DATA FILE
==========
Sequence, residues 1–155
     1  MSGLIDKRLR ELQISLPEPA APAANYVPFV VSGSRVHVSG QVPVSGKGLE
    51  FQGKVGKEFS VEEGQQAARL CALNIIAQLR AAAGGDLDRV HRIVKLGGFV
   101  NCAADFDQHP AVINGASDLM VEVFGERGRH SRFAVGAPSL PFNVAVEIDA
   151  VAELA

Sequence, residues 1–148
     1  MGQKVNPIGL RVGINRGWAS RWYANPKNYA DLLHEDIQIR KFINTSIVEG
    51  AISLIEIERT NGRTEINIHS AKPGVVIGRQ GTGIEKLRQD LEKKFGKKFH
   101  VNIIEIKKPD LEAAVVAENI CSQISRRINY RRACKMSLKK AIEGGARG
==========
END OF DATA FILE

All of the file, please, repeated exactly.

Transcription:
Sequence, residues 1–155
     1  MSGLIDKRLR ELQISLPEPA APAANYVPFV VSGSRVHVSG QVPVSGKGLE
    51  FQGKVGKEFS VEEGQQAARL CALNIIAQLR AAAGGDLDRV HRIVKLGGFV
   101  NCAADFDQHP AVINGASDLM VEVFGERGRH SRFAVGAPSL PFNVAVEIDA
   151  VAELA

Sequence, residues 1–148
     1  MGQKVNPIGL RVGINRGWAS RWYANPKNYA DLLHEDIQIR KFINTSIVEG
    51  AISLIEIERT NGRTEINIHS AKPGVVIGRQ GTGIEKLRQD LEKKFGKKFH
   101  VNIIEIKKPD LEAAVVAENI CSQISRRINY RRACKMSLKK AIEGGARG